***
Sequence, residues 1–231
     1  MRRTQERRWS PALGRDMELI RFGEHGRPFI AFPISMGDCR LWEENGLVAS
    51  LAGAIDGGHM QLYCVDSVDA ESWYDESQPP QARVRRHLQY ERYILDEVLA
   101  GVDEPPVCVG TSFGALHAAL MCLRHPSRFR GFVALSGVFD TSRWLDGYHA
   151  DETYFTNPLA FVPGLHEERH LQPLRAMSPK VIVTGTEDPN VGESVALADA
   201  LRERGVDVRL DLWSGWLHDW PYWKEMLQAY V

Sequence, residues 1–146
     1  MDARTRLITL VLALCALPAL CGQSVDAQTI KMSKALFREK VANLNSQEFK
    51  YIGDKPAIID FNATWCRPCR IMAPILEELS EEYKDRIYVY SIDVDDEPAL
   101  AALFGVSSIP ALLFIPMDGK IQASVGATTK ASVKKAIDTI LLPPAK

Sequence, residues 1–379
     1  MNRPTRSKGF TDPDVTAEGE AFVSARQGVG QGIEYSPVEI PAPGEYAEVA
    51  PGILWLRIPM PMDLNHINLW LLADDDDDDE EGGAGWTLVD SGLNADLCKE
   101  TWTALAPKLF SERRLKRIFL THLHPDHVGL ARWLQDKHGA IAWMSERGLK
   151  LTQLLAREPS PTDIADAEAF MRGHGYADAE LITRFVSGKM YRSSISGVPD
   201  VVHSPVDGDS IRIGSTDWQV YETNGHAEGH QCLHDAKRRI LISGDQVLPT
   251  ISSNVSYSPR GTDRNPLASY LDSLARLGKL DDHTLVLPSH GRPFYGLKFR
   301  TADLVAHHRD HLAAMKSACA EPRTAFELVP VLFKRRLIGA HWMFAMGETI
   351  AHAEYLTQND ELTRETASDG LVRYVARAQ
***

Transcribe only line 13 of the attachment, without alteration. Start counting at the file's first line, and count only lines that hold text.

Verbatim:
    51  PGILWLRIPM PMDLNHINLW LLADDDDDDE EGGAGWTLVD SGLNADLCKE